Texas A&M Denies Unlawful DEI Program

Texas A&M University
Texas A&M University | Image by Texas A&M University/Facebook

Texas A&M has denied that language in a school job description constitutes an unlawful “diversity, equity, and inclusion” program.

Diversity, equity, and inclusion (DEI) programs were banned in higher education by the state legislature. The ban went into effect on January 1, 2024. A multi-part investigative series by The Dallas Express identified eight public higher-education institutions potentially violating the state prohibition, including Texas A&M. A job listing for a “Senior IT Professional” at the university mandated that the applicant “champion workplace diversity and inclusiveness.”

DX Photo Template - 2024-04-09T132321.198

DX contacted the university in mid-March, prior to the investigation’s publication. However, a university spokesperson only recently issued a statement. The university rejects the notion that including this language suggests an unlawful DEI program or having an officer of the school conduct DEI-related duties.

“While the job posting does include words associated with DEI, they appear in the job responsibilities section and not in the qualifications section. There are no DEI-related requirements that candidates would need to fulfill to be selected for this position,” the spokesperson said.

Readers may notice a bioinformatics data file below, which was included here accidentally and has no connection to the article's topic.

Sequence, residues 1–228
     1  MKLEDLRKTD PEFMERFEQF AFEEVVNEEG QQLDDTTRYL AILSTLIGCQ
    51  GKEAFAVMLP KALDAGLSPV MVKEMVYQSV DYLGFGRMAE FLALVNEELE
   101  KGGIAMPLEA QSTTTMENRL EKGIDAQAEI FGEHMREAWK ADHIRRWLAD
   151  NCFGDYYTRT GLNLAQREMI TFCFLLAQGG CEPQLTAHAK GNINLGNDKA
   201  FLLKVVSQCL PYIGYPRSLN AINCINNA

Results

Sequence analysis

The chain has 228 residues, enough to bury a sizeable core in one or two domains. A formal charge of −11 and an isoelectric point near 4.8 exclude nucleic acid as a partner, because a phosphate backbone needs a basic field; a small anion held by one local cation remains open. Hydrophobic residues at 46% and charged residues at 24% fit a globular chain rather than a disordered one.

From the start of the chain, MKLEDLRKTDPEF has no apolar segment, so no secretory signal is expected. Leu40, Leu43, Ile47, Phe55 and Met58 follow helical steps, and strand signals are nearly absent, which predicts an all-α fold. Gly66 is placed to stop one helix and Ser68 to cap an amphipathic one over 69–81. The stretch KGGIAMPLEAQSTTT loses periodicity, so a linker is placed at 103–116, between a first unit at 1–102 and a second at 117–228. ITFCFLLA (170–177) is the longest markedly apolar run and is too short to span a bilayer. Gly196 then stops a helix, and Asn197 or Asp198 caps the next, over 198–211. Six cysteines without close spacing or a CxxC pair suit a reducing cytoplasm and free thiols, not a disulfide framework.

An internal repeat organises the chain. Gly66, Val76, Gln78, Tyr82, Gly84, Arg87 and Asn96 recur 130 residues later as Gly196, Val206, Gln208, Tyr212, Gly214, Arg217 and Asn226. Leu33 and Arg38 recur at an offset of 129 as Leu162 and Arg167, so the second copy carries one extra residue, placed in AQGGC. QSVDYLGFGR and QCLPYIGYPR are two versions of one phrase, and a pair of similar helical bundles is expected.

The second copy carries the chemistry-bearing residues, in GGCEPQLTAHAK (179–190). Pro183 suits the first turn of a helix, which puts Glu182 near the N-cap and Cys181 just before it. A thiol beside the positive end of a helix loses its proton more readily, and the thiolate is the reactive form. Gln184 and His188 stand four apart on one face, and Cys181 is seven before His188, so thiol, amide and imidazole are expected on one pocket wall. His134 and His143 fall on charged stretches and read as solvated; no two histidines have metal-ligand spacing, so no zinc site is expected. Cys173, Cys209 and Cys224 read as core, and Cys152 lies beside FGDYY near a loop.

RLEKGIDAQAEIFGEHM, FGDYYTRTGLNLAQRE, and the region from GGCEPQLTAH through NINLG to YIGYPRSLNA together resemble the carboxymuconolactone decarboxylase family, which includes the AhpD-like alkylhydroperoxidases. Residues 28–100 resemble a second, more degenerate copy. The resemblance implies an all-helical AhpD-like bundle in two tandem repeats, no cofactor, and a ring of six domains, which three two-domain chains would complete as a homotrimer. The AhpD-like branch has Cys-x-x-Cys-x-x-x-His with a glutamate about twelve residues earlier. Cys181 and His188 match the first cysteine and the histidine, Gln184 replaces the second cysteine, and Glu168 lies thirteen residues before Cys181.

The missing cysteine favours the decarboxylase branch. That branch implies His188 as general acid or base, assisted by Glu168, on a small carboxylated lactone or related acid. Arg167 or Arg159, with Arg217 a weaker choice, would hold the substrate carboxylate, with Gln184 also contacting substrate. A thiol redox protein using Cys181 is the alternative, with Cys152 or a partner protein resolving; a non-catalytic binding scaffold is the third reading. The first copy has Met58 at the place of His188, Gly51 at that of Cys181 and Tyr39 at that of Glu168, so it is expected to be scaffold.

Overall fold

“In line with our core values, Texas A&M University fosters an environment of respect and camaraderie, in line with being ‘… a community of problem-solvers, scholars, and creators with a service mission,’” the official added.

The university’s statement aligns with changes that were made to the job listing immediately after DX contacted university officials. Although A&M took several weeks to issue a written response, the job listing had the “diversity and inclusion” section struck within 48 hours of contact. Later, this listing was updated so that the applicant would be required to “champion workplace camaraderie.”

DX Photo Template - 2024-04-09T132401.804

A&M was only one of three universities that did not immediately respond to requests for comment when identified in the investigation. Lamar University had a delay of about a week, which a spokesperson attributed to Spring Break. The University of Texas at Austin (UT), the institution with the second most potential violations after Dallas College, has yet to issue a written response. However, UT did scrap some of the job listings that could have been perceived as containing DEI requirements.

Support our non-profit journalism

Submit a Comment

Your email address will not be published. Required fields are marked *

Continue reading on the app
Expand article